The General Council on Finance and Administration, the finance agency that Kumar leads, has committed $3 million for the meeting’s costs. That leaves about $700,000, which the commission reluctantly agreed, will have to come from registration fees.
General Conference visitors have been asked to pay a registration fee since at least the 2004 gathering. But in 2016, the registration fee was $10 on-site for the entire time.
The 2019 gathering will also be the first time visitors will need to wear the badges they receive to enter the plenary space.
Kumar pointed out that a number of United Methodist annual conferences charge registration fees. For example, the Wisconsin Annual Conference this year is charging $165 before May 18, and then after that a regular fee of $215.
The finance agency typically defrays costs by selling sponsorships for the denomination’s big meeting, which usually lasts 10 days. However, Kumar said the short length of the special General Conference makes finding sponsors unlikely.
Members of the Education and Innovation Committee, part of the Commission on General Conference, meet in a small group. Photo by Art McClanahan, Iowa Conference.
Still, a number of people at the commission meeting acknowledged the registration fee could be seen as a barrier to visitors.
“I think of a man in my district who would come to General Conference in his RV and because he could not afford a hotel, he would sleep in his RV,” said the Rev. Kennetha Bigham-Tsai, the top executive of the denomination’s Connectional Table and a meeting observer. “A $200 registration fee for someone like that is prohibitive.”
Planners have been looking for ways to save money.
Sara Hotchkiss, General Conference business manager, announced last year that the finance agency negotiated a break from St. Louis hotel taxes. General Conference also will save by sharing the convention center with a high school and middle school volleyball tournament.
At this month’s meeting, Hotchkiss announced that United Methodist Communications — which includes United Methodist News Service — will provide all production resources to the February 2019 meeting at no cost to the commission.
The 2016 General Conference authorized the bishops to work with a commission to propose a way through the denomination’s impasse on same-gender unions and LGBTQ ordination. Delegates also authorized the bishops to call a special session before the 2020 General Conference to take up the bishops’ proposal, but did not allocate any funds.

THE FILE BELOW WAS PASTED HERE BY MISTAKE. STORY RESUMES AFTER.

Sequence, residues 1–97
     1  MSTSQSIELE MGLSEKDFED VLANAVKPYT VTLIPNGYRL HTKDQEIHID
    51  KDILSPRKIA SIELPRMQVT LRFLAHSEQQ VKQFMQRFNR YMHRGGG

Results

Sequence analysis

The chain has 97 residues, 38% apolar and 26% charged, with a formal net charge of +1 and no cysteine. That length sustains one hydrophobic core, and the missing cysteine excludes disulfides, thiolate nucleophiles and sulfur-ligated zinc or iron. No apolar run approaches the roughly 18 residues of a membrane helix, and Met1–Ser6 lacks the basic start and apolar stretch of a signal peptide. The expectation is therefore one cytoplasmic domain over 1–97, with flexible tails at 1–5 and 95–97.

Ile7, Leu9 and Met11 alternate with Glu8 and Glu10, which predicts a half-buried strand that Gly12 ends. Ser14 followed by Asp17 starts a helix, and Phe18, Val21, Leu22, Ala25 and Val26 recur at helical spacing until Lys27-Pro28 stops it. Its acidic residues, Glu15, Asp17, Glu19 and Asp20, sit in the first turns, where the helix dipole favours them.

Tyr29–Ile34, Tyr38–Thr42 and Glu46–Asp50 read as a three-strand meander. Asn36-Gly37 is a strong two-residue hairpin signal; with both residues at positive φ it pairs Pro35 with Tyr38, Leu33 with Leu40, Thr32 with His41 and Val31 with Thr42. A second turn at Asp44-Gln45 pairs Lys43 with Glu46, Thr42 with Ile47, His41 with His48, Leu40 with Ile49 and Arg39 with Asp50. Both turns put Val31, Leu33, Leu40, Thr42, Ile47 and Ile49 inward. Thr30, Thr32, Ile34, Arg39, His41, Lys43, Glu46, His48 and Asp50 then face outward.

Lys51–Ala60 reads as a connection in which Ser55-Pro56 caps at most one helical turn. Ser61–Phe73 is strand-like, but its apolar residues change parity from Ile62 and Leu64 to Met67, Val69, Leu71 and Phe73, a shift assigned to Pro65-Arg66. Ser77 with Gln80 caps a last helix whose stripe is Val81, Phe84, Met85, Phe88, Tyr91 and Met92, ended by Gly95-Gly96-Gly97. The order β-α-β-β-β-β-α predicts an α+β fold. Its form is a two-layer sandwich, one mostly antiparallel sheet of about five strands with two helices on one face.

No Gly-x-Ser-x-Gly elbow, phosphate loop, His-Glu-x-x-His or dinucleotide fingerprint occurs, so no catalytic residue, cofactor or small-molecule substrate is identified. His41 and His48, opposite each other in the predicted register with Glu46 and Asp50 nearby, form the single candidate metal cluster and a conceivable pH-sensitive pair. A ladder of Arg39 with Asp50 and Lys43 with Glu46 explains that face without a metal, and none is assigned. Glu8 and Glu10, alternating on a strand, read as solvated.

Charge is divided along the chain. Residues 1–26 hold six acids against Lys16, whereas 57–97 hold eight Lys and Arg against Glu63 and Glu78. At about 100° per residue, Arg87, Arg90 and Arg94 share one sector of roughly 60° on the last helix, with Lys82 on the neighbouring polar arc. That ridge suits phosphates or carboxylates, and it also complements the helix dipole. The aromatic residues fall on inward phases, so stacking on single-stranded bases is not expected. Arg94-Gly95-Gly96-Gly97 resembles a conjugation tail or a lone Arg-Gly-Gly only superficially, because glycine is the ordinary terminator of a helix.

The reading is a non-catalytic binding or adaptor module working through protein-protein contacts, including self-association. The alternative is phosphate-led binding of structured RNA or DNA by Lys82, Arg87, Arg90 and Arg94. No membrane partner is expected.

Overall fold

During the 2016 General Conference, Kumar suggested that shortening the 2020 General Conference would help pay for the extra assembly.
That option is no longer on the table because the 2016 General Conference later mandated all petitions get a vote, meaning the 2020 gathering will need its full 10 days.
With a tight schedule to plan the special General Conference, the commission and Council of Bishops have appointed a joint design team that will work on more details before the commission next meets in November.
The design team is looking to schedule training to prepare the bishops to preside over sessions in as fair and smooth a manner as possible. Bishops do not have a vote at General Conference.
Most of all, bishops and other design team members are looking for ways to change the mindset of General Conference, which is sometimes characterized by anger and distrust. Bishop Thomas Bickerton, who serves on the commission and leads the New York Conference, said he and his episcopal colleagues plan to meet with delegations ahead of the 2019 meeting.
“It is our hope that we will set a tone of relationship-building and prayer rather than a posture of winners versus losers,” Bickerton told the commission.
Hahn is a multimedia news reporter for United Methodist News Service. Contact her at (615) 742-5470 or firstname.lastname@example.org. To read more United Methodist news, subscribe to the free Daily or Weekly Digests.